"To showcase our collection, we will move ahead with two major new projects to preserve and revitalize Indigenous languages and cultures. See Our History will digitize records in our collection relating to First Nations, Inuit and Métis, while Hear Our Voices will help Indigenous communities to record their oral histories."
To support its Indigenous languages and cultures initiative LAC receives a spending increase of $4.3 million.

Genealogy (genealogists) are mentioned three times; two are repeats with virtually the same wording.

Again this year there is no mention of newspapers or newspaper digitization. Considering the value of newspapers as an historical resource for all sectors of society this is a continuing blind spot in an otherwise admirable program. Why the neglect?

Something new. To increase online access to its collection "LAC will experiment with a crowdsourcing web platform where the public can transcribe and describe contents of the collection to make them findable and accessible." This follows the two crowdsourced transcription projects run in the last two years judged as successful. LAC introduced this capability, call Co-Lab, on Tuesday 17 April 2018.

This is part of the content of one of the two highlights boxes included. The other most welcome one is: "The “Dragon’s Den” activity in 2017–18 as part of Blueprint 2020 was a great success. LAC will repeat it in 2018–19, to take advantage of its employees’ creative skills and to use their ideas. Employees are invited to present innovative projects to the LAC’s “dragons.” Projects selected have resources allocated for their development ($25,000 per project)."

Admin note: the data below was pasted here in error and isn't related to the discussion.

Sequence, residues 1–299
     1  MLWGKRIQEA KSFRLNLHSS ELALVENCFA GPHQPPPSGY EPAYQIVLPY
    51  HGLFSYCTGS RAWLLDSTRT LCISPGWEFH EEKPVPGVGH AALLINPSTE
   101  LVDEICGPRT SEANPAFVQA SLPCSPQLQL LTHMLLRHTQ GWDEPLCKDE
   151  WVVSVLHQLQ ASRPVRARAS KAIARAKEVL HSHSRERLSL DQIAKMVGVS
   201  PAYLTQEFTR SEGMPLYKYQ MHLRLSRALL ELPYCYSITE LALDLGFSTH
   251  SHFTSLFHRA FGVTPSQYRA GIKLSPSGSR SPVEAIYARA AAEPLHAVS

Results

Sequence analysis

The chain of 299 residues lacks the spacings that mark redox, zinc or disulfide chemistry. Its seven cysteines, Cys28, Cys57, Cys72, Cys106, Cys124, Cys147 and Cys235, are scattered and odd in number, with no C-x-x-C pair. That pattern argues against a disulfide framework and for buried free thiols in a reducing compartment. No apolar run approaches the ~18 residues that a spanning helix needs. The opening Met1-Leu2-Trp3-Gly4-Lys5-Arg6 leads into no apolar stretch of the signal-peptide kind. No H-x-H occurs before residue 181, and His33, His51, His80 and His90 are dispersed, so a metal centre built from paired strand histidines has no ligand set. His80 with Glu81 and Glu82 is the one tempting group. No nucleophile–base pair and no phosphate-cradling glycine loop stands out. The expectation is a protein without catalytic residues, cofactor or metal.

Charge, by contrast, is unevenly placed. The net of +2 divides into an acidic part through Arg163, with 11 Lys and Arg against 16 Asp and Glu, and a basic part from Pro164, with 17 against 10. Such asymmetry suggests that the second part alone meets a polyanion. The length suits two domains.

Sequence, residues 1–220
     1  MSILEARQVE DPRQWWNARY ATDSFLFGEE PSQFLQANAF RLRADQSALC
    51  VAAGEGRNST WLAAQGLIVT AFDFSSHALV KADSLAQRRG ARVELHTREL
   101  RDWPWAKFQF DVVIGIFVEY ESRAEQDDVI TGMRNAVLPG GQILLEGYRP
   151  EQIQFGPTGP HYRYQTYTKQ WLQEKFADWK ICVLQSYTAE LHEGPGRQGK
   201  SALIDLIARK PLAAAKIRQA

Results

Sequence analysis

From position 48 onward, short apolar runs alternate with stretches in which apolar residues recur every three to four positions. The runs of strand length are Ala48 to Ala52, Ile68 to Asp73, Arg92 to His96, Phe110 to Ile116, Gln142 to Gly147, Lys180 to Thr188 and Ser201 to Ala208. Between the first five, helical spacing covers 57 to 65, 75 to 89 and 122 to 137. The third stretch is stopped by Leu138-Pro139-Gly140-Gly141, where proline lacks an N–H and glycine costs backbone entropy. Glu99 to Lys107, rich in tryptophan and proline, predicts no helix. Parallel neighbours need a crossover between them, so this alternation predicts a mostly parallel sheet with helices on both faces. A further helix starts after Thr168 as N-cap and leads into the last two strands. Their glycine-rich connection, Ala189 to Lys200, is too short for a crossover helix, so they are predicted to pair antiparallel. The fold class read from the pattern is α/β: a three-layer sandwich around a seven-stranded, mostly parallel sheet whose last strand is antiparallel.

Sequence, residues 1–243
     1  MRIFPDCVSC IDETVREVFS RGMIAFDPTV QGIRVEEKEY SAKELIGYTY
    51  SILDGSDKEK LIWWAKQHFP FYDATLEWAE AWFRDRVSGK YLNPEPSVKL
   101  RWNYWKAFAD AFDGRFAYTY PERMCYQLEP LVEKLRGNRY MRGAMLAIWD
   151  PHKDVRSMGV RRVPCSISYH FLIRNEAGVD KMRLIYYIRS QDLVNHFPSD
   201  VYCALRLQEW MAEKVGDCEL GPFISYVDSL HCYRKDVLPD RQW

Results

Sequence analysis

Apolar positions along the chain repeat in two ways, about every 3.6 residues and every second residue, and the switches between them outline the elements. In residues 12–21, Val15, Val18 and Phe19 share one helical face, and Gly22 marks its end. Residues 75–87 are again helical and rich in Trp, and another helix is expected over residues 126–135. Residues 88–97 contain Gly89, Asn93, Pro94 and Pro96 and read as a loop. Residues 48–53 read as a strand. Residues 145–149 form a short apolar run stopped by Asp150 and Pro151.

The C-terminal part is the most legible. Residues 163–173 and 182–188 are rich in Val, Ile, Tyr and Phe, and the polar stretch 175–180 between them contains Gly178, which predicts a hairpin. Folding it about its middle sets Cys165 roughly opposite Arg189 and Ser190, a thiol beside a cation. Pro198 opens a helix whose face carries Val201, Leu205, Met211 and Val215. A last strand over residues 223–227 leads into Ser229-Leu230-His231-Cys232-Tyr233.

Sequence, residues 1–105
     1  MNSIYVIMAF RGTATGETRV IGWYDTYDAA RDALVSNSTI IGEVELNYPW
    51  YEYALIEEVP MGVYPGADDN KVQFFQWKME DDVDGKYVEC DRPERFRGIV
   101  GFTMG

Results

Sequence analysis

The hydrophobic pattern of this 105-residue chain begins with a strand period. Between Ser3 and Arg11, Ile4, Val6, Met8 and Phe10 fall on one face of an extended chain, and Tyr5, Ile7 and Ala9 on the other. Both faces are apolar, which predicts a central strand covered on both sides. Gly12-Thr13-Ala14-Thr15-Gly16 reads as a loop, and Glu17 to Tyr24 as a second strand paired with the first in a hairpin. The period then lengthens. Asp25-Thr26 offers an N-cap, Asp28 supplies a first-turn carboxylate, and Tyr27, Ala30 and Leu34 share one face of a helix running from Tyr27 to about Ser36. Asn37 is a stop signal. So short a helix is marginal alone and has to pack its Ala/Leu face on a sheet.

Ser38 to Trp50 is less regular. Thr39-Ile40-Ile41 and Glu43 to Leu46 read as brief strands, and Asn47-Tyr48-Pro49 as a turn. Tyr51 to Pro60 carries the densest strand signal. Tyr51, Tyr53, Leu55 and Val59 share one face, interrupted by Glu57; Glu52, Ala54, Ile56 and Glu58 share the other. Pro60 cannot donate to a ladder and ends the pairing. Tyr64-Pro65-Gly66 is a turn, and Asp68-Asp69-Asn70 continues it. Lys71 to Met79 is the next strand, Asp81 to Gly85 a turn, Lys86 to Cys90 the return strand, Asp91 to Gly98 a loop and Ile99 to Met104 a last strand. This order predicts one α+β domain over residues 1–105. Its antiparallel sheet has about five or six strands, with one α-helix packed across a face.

This table shows two of the performance benchmarks included which have a history, there are others with none. We will have to wait to see how the target compares with the achievement in the fiscal year just ended. I'd hoped for more ambitious targets.

There is no mention of the initiative of a co-located service facility with the Ottawa Public Library.

OGS Quinte Branch April Meeting

The Quinte Branch of Ontario Genealogical Society meets on 21 April, 2018 when Peter and Angela Johnson UE present "United Empire Loyalists - applying for UEL standing".